Then, there are those who charge that my determinism and occasionalism amount to pantheism.[3] These people are ignorant and very stupid. Since pantheism affirms that “all is God,” then it means that when God acts on any object (if God acts at all), he acts only on himself. This is far from what I believe. Rather, I affirm that God has created spiritual and material entities that are other than himself, but that he completely sustains and controls. To say that God completely controls X is very different from saying that God is X.

The accusation backfires. For my critics to charge me with pantheism because I affirm God’s direct and total control over all things implies that they believe, under theism, God cannot have direct and total control over anything that is not himself; otherwise, they would not charge me with teaching pantheism when I affirm that God directly and totally controls all things. Since the created universe is not God, by implication they must affirm that God has no direct and total control over anything in the created universe.

By their accusation, by their application of pantheism, they imply that God is identified with anything over which he has direct and total control. Then, since they claim to deny pantheism, that God is identified with the universe, and since they deny my belief that God has direct and total control over all things, it follows that they believe God has no direct and total control over anything in the universe.

In agreement with Scripture, I say that the potter has direct and total control over the clay, but they say that this is pantheism. This implies that they believe the potter can have direct and total control over the clay only if the potter is the clay, and if the potter is not the clay, then the potter does not have direct and total control over the clay. Since it is indeed true that the potter (God) is not the clay (his creation), it follows that they believe that God has no direct and total control over his creation.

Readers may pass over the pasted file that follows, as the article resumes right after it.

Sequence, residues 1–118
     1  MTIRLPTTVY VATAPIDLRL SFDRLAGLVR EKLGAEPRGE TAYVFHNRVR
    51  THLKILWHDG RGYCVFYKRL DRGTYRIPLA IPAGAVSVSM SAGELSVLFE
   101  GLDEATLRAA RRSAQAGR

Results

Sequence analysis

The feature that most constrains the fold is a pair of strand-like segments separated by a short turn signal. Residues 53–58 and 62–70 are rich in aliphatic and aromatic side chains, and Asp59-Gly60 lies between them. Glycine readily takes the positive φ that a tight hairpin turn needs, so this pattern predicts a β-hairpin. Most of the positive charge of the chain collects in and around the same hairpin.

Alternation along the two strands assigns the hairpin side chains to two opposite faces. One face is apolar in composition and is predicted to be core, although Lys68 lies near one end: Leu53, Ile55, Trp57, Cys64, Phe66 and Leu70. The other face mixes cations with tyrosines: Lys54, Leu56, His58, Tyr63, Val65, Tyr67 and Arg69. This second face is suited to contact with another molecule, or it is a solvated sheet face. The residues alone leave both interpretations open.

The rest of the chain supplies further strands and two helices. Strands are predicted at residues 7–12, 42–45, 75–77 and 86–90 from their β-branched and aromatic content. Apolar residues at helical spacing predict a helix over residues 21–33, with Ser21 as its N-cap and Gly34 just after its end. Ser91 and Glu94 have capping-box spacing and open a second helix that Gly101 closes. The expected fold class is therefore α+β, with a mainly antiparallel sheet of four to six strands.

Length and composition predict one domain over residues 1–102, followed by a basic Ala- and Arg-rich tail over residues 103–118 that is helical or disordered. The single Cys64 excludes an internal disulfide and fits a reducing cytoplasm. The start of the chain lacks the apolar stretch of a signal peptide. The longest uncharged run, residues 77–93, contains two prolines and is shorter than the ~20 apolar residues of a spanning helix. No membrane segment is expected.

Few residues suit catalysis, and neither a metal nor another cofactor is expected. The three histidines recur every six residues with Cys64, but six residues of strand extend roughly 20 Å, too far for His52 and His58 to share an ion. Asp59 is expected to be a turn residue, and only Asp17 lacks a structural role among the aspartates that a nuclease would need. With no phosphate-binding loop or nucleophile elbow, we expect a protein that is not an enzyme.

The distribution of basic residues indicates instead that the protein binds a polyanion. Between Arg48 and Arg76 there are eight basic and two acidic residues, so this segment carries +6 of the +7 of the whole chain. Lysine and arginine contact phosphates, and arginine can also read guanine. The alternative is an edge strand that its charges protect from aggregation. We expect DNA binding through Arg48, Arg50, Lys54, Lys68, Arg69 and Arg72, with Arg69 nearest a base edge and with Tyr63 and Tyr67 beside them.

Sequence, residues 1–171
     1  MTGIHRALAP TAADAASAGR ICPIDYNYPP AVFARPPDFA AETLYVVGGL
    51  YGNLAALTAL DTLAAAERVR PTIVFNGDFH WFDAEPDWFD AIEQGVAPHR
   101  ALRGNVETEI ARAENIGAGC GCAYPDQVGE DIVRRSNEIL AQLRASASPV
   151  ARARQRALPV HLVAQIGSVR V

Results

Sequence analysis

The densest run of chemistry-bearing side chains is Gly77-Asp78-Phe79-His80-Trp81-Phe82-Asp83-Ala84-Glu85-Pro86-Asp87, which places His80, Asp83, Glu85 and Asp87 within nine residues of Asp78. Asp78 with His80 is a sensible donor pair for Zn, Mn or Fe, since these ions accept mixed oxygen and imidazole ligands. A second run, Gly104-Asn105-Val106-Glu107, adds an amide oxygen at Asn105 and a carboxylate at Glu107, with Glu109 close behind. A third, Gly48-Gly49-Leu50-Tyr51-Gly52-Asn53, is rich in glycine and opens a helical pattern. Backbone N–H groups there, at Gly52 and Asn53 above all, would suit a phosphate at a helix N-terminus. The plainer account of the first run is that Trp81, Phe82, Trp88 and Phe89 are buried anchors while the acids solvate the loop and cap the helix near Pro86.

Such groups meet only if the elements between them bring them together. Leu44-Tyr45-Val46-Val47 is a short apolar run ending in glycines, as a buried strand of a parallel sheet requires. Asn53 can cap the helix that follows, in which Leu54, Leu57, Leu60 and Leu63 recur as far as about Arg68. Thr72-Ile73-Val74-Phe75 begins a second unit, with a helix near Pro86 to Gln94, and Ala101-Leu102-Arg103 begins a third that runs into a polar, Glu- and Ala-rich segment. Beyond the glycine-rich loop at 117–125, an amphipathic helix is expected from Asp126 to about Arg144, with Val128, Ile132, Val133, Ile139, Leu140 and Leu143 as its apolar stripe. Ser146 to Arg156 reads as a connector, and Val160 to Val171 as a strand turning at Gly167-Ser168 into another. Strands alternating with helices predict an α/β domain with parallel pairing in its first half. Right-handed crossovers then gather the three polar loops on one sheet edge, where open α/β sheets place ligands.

Their objection implies the assumption that God is (identified with) whatever he completely controls. Then, since Vincent Cheung teaches that God completely controls everything, including all human thoughts and decisions, and including all corporeal and incorporeal objects and the relationships and interactions between them (so that one moving object has no inherent power to move another object when the former strikes the latter, but that it is God who actively and directly controls them both, and that a “secondary cause” is a relative and misleading term that cannot attribute any inherent causative power to any created object, etc.), then Vincent Cheung must be teaching pantheism.

After pointing out the assumption (that God is whatever he completely controls), and after pointing out that I reject this assumption, it remains that this is their assumption, on the basis of which they formed their accusation against me. This is why the objection backfires. Since their assumption is that God is identified with whatever he completely controls, this means that if they believe that God completely controls anything at all, then God must be identified with that object, and this makes them affirm some form of pantheism. Holding constant their assumption, the only alternative is for them to deny that God completely controls anything in his creation, but then they no longer affirm even theism.

Therefore, those who accuse me of teaching pantheism must themselves affirm either some form of pantheism or finite godism. Logically speaking, they are not even Christians, but are sinners heading toward hellfire. The charitable assumption is that they are inconsistent, and very stupid. Just as they misunderstand fatalism, they also misunderstand pantheism, and they commit the sin of slander when they accuse me of teaching either doctrine.

On the other hand, I affirm that God completely controls everything about everything that is anything, and this does not imply that he is identified with those things that he controls. He sustains and controls his creation, but his creation is something other than himself.

[1] Alan Cairns, Dictionary of Theological Terms, p. 186.

[2] Ibid., p. 176.

[3] See A. A. Hodge, Outlines of Theology.